New Palmerston North MP Tangi Utikere celebrates his victory with friends and family.
Manawatū’s electorates have a distinctly redder blush after Saturday’s election, with senior Labour politicians in the region crediting confidence in the coronavirus response for the party’s stunning result.
Labour could govern alone after the party vote gave them 64 of Parliament’s 120 seats, the first time a New Zealand party has won an outright majority under MMP.
The national result echoed across wider Manawatū, with Labour increasing its share of the party vote in Palmerston North, Rangitīkei, Ōtaki, Te Tai Hauāuru and Wairarapa.
Ōtaki and Wairarapa flipped from National to Labour, with Terisa Ngobi beating National’s Tim Costley by 1267 votes to succeed the retiring Nathan Guy in Ōtaki.
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Ōtaki’s new MP Terisa Ngobi celebrates after winning the seat for Labour.
Kieran McAnulty romped home in Wairarapa, which includes the Tararua district, by 5411 votes to replace the retiring Alastair Scott and defeat National’s Mike Butterick.
Tangi Utikere became Palmerston North’s first Pasifika MP, holding the seat for Labour after Iain Lees-Galloway bowed out of politics, while Adrian Rurawhe held off Māori Party co-leader Debbie Ngarewa-Packer in Te Tai Hauāuru.
The only National party winner was Ian McKelvie, keeping Rangitīkei blue but bleeding nearly 8000 votes from his majority.
Utikere’s campaign manager and Palmerston North City councillor Lorna Johnson said the result was down to the Government’s handling of the coronavirus pandemic.
“People have voted for stability and confidence, and I don’t think they were seeing that from National.
Rangitīkei MP Ian McKelvie inspects the disastrous results for the National Party with supporter Graeme Saunders.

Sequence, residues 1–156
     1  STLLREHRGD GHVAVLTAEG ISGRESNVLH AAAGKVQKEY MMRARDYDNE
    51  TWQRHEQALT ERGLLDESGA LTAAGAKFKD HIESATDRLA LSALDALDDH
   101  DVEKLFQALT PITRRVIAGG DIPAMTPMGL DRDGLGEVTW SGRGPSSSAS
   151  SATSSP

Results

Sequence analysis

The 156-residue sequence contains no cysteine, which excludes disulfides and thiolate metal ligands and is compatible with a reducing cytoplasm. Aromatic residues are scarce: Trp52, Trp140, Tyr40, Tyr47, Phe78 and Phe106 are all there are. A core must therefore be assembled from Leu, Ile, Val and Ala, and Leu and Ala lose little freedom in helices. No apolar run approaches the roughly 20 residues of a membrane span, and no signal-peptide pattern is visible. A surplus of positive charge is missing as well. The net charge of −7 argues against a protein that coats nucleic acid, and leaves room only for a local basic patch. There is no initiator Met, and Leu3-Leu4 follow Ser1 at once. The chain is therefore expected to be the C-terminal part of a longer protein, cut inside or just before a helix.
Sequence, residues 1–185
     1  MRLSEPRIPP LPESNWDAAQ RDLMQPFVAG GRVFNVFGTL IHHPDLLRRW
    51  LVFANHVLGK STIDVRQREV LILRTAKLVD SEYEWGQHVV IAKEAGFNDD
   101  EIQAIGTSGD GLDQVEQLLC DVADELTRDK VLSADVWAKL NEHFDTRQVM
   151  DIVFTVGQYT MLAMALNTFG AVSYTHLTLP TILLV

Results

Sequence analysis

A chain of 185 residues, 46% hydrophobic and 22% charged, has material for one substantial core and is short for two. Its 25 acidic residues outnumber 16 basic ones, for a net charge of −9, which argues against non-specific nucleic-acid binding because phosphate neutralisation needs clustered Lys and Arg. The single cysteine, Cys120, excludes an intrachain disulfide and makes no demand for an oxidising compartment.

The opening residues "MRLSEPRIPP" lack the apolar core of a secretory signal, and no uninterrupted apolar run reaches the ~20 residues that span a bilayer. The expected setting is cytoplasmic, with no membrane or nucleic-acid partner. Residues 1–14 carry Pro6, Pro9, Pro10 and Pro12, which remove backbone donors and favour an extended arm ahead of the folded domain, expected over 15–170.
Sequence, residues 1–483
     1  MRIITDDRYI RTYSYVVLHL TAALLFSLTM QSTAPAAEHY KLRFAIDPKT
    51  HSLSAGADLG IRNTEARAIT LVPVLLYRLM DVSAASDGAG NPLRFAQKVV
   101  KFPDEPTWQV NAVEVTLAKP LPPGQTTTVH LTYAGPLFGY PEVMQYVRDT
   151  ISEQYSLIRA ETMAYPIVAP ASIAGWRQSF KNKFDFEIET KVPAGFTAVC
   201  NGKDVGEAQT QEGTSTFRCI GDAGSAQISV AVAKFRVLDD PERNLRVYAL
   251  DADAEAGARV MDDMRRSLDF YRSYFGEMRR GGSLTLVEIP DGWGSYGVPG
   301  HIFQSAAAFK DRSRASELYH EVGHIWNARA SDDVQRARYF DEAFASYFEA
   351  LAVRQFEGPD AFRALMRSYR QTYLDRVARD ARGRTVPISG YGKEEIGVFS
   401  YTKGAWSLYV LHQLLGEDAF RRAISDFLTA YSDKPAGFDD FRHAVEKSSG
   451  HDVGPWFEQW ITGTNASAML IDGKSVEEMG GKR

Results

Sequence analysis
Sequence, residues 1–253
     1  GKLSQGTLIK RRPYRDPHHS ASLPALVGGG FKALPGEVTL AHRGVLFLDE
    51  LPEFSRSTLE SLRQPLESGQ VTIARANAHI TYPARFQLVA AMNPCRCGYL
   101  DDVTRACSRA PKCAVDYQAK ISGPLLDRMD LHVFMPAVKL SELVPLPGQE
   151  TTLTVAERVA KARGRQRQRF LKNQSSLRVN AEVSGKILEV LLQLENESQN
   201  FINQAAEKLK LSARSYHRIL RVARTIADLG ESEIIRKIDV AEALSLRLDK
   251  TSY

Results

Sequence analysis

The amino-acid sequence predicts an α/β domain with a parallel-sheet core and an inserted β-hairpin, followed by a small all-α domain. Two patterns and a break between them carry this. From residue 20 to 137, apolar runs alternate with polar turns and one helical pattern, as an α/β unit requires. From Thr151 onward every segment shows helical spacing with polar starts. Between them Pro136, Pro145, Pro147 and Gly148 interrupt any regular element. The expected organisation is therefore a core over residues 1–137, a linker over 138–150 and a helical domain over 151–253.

“It’s down to both individual policies and general trust in the Government.”
A good result was expected, but no one would have predicted such a romp, she said.
Having quality leadership in Jacinda Ardern and a credible plan for the coronavirus recovery were equally important.
“There wasn’t another credible plan to go forward,” Johnson said.
Labour’s Rangitīkei candidate Soraya Peke-Mason says the coronavirus pandemic played a big part in the election result.
Labour’s Rangitīkei candidate Soraya Peke-Mason is very close to getting in on the list.
While her ranking of 60 on the list would usually make her safe, lower ranked candidates winning seats could push her out, so she needs to wait for the special votes to be counted.
She said the coronavirus pandemic had changed the political landscape and people’s priorities.
“It has made people rest and rethink the future ahead and what that means for them.”
Labour’s values, such as putting the welfare of people first, resonated in that context, she said.
Teanau Tuiono is ManawatÅ«’s first Green MP after Saturday’s election result.
Green Party Palmerston North candidate Teanau Tuiono is also in on the list, becoming his party’s first Pasifika MP and the first Green MP from Manawatū.
The Greens usually do poorly when Labour does well, so the Greens increasing their party vote despite being in a Government partnership was an excellent result.
Tuiono also put the strong result for the left down to people’s reaction to the pandemic.
It made people remember how important community was, which merged well with the Greens’ policies, he said.
“The connection between family, community and the environment has really resonated with the electorate.
“We have had community at the centre.”
Rurawhe said increasing the party vote and holding the seat against a very strong candidate was a brilliant result.
“I think the narrative from the Māori Party that you could get two for one really did resonate, so we’ve been up against that narrative.”
Te Tai Hauāuru MP Adrian Rurawhe says Labour will get a lot more policy delivered with a majority in Parliament.
The dynamic in Parliament would change due to Labour’s majority, he said.
“We’ll get a lot more of our policy done.”